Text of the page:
Prominent Jews themselves were very involved in the organisation of the Great Exhibition. Rothschild was appointed its treasurer by Queen Victoria and Prince Albert (leading the Jewish Chronicle (JC), after the Book of Esther, to ask: “Will the Lords again reject the man whom the Queen thus delighteth to honour?”) David Salomons, Sir Isaac Goldsmid and Moses Montefiore sat on its art committees, to the chagrin of some, including the Architects’ Journal, which opined that, since Jews can’t have a pure sensibility to art, it was like appointing teetotallers to a wine and spirits committee! Many Jews enthusiastically attended the Great Exhibition, and Jewish philanthropists funded trips there for groups of poor Jewish schoolchildren, where they rubbed shoulders with people of more races – Indian princes, Chinese mandarins, Japanese potentates, African chiefs – and classes – from dukes of the realm to solicitors’ clerks – than had ever been seen together. The JC had a field day identifying foreign Jewish visitors and to the delight of the newspaper, which regularly castigated the community for providing anti-semites with ammunition by failing to contribute sufficiently to the arts or sciences, there were even Jewish exhibitors, who had brought honour on their race by presenting such treasures as painted spectacles, a magnificent state bed, a splendid set of false teeth made from hippopotamus and a calculating machine declared the best of its kind by the Great Exhibition’s jury.
At the behest of Moses Montefiore, arrangements were even made so that Jews holding season tickets could attend on Saturdays without having to sign in and thereby infringe the Sabbath, a move that garnered the disapproval of the JC’s more orthodox Jewish correspondents, who pointed out that the carrying of tickets was also an infringement of the Sabbath and attendance was anyway hardly in keeping with the spirit of the day of rest.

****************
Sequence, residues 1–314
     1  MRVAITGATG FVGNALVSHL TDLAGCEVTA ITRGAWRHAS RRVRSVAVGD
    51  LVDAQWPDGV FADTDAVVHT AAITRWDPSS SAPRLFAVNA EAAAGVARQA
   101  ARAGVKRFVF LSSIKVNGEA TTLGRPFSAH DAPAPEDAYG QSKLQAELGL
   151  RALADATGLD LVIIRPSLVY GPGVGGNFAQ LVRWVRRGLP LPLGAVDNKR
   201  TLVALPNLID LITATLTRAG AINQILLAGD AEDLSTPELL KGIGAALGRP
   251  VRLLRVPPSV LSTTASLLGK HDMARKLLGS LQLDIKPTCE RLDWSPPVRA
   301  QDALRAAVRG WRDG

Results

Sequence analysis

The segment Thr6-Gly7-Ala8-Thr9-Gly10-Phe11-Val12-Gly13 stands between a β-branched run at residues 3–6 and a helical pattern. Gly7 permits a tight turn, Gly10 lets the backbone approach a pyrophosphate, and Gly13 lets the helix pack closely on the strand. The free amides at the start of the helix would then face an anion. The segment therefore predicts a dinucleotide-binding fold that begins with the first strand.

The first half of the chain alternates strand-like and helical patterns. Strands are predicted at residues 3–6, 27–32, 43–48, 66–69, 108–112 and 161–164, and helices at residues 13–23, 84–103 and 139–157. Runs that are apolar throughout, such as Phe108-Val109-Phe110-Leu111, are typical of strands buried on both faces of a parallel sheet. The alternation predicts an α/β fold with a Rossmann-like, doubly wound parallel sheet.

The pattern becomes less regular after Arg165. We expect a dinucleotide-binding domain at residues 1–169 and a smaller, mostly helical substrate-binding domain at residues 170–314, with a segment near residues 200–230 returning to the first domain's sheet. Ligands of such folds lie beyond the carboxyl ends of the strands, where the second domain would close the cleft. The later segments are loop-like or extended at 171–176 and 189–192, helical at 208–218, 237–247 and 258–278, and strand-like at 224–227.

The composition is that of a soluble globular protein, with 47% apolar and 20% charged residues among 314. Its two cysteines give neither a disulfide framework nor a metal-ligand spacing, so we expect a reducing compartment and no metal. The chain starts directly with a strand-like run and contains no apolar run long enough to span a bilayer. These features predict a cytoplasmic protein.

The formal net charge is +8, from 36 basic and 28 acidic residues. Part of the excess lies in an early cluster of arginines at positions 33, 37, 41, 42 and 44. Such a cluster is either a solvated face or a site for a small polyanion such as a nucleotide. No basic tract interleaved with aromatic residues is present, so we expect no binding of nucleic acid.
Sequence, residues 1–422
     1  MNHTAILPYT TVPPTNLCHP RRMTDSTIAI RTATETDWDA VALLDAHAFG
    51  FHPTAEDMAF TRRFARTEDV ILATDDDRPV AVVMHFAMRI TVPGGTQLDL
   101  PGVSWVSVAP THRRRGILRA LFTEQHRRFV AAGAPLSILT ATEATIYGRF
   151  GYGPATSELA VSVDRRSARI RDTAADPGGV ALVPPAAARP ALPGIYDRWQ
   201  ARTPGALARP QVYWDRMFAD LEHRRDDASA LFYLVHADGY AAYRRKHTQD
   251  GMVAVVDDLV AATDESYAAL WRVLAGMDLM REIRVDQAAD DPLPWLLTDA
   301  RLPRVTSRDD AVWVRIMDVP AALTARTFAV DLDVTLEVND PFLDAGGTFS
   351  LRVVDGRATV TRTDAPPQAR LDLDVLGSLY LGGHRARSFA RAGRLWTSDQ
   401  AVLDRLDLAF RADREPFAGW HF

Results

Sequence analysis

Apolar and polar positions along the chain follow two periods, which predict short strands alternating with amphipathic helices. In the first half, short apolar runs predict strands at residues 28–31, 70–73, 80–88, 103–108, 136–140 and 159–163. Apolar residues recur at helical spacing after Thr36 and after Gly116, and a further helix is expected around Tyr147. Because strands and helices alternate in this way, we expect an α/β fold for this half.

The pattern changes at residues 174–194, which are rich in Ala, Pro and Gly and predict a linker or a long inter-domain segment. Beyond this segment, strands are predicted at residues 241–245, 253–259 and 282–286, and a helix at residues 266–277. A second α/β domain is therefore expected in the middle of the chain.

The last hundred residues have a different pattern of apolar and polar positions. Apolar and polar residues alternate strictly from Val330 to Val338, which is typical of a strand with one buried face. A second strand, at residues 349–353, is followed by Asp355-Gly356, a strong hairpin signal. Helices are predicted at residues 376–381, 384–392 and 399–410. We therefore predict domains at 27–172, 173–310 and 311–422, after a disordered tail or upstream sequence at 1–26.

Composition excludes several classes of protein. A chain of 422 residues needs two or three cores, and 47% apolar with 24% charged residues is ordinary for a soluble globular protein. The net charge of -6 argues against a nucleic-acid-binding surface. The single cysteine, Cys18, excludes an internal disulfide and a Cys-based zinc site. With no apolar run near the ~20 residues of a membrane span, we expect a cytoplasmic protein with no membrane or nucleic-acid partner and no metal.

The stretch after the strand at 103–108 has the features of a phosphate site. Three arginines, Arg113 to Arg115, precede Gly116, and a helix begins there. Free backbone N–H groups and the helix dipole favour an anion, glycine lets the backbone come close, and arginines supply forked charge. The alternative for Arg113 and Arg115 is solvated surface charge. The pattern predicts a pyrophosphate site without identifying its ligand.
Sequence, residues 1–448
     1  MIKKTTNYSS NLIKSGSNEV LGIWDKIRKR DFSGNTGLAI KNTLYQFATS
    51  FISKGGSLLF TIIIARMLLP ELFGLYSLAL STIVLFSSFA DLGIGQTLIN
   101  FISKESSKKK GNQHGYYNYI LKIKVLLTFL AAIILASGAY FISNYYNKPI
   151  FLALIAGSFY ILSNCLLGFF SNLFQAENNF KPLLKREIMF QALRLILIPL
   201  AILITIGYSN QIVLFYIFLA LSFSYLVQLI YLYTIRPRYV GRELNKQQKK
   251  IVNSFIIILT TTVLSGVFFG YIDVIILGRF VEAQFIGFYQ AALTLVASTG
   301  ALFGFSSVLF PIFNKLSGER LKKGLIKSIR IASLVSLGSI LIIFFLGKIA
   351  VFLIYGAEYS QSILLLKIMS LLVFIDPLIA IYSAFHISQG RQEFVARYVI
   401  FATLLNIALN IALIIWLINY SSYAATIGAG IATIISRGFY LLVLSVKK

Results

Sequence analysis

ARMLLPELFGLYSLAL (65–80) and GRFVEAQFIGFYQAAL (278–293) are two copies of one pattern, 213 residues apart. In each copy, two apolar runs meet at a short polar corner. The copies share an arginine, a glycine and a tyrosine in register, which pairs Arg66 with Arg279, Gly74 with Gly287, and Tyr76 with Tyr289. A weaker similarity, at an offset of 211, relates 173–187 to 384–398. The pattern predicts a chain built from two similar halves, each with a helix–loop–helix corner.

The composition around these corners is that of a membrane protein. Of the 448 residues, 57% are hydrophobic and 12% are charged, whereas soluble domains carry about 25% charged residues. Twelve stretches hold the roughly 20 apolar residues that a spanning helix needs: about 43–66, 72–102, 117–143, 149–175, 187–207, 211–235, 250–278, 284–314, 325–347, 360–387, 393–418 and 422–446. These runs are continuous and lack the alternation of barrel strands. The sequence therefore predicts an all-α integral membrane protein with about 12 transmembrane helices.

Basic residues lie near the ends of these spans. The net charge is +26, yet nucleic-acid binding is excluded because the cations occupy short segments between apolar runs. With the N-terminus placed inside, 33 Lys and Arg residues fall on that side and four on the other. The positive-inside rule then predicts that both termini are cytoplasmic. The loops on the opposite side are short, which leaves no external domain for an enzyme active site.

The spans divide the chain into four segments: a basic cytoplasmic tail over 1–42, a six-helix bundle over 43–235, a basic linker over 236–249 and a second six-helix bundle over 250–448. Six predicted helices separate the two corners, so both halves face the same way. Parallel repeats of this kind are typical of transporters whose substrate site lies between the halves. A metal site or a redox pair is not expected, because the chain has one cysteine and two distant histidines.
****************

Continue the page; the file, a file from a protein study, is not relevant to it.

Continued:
In truth, the public likes a grandiose spectacle – one has only to look at the mass enthusiasm for the ludicrously wasteful Olympics – and by the time it opened opposition to the Great Exhibition was probably very much a minority opinion, its adherents like the Ultra-Tory Colonel Charles de Laet Waldo Sibthorp MP, satirisied in Punch cartoons as Just William-style delinquents throwing stones at the panes of the Crystal Palace. (It is worth noting, inter alia, that this much more technologically and culturally unprecedented event than the Olympics was organised from scratch in about a year and a half, without a penny of taxpayers’ money being spent on it and no widespread disruption.)
Though the cause may have been less of a crowd-pleaser, a coalition of non-conformists, progressive Whigs and liberals of all stripes carried the day on Jewish emancipation too. After further battles Rothschild was allowed to take his seat in 1858 without reciting the oath, and in 1860 a law was passed definitively sweeping away Jewish political disabilities. Victorian England was, for all its faults, an era of progress and increasing religious, racial and social equality.
Looking back in 1853, Charlotte Montefiore, talented young member of one of Anglo-Jewry’s ‘aristocratic’ families, reiterated a widely-held view in an anonymously-published book A Few Words to the Jews (by One of Themselves): “The Crystal Palace, that rose into life and beauty, as by a magician’s wand, and disappeared like a phantom, was a symbol of the age.” That last sentiment is something, at least, on which its enthusiasts and detractors could surely agree.